4. Even reading something you don’t like can improve your writing. If you critically analyse what it is you don’t like about what you are reading it will make you more critical of your own writing and how the reader will receive it.
5. Particularly if you are write what you know kind of author, more experiences are better. Reading outside your genre, you never know what you might learn.
What do you think? Do you read outside your genre or do you stick with what you know?
Also, what is the worst book you’ve ever had to read because someone has requested you read it?
I usually have a lot of fun dressing my various characters. Mostly because I have such a strong mental image of the character and few of them ever dress for what they end up doing – plus I set them in fantasy worlds and so I don’t really worry about whether people dressed like that in any particular era or not.
That said, the protagonist in my latest WIP is giving me all kinds of trouble. I have a strong mental image of her but the clothes keep changing and they are always very practical, clothes. Lots of leather and denim and most of it torn and patched, which given the hostile nature of the world I’m building makes perfect sense. But it isn’t all that fun to write about. Still, every time I try to dress her differently I just think, there is no way she’s going to wear that skirt and she certainly isn’t going to wear bright colours and try to attract a lot of attention.
I did destroy her denim jacket though. Which lead to the very touching boy lending her his brown vinyl jacket scene which wasn’t really an improvement on her look but was an interesting interaction between the two characters.
Dressing your characters? Fashion statement or practical? Or both? Love to hear your views.
I love reading books with interesting female protagonists. Anything other than the basic damsel in distress works for me. Strong, funny, awkward, shy, as long as they feel fresh and unique. What I want to know is who are your favourite female protagonists from books or movies.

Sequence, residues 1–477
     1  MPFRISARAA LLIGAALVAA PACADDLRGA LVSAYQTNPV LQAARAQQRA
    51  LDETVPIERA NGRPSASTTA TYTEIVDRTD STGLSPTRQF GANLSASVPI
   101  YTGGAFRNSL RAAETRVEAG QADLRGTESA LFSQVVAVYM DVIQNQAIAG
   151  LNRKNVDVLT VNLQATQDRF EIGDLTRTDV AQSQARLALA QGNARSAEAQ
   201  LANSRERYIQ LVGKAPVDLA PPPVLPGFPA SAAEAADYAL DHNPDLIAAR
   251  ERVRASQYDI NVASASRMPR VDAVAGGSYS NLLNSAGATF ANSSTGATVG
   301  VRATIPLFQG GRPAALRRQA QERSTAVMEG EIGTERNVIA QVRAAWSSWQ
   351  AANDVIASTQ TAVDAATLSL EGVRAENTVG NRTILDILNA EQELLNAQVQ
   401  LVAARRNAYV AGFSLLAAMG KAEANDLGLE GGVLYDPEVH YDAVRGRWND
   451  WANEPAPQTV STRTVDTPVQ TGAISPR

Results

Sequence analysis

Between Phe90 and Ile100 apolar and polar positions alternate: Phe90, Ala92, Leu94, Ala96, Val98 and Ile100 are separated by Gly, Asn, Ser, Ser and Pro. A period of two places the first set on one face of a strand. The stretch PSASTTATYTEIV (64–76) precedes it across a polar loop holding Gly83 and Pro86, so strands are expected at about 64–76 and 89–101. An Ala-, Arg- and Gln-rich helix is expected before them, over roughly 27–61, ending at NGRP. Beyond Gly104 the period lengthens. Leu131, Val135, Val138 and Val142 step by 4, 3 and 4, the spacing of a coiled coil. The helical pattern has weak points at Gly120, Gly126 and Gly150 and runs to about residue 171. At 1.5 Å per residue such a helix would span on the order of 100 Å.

So…if you’re interested create a post sharing your favourite female protagonist and then add your link to the list. Let’s see how many female protagonists we can list.
Powered by Linky Tools
Click here to enter your link and view the entire list of entered links…
After finishing Death’s Daughter I wrote a post over on my old blog about the difficulties of writing in first person. I made the decision at the time that I wouldn’t be using first person for the next few projects because I found it limiting in that I could only tell the story from one person’s point of view and if that person didn’t know something critical than the reader couldn’t be told that critical bit of information.
I’ve since written two complete works in third person. One is a train wreck that I will eventually edit and rewrite and work into something usable. I blame the protagonist, she stepped outside the action one too many times and was out-shone by the entire rest of the cast. Shame really because the concept and the world work really well and the use of third person allowed for such a broad exploration (which might be how my protagonist got lost).
The other was a less ambitious piece as it was aimed at young adults and follows the narrator essentially sits on the shoulder of the main character for most of the story with a few minor deviations. This piece has been polished, to a point, but I’m not sure what to do with at the moment. It should be the start of a series but I’m not really ready to write the next installment and I don’t know that I will be any time soon, so it is cooling its heels while I think it through.
Now I’m starting a third project and it is also in third person. I think it is time to reflect on my choice.
I still love first person. I love being inside a character’s head and feeling what they feel, learning as they learn. As a reader I enjoy it and as a writer I find it immensely satisfying. For character development.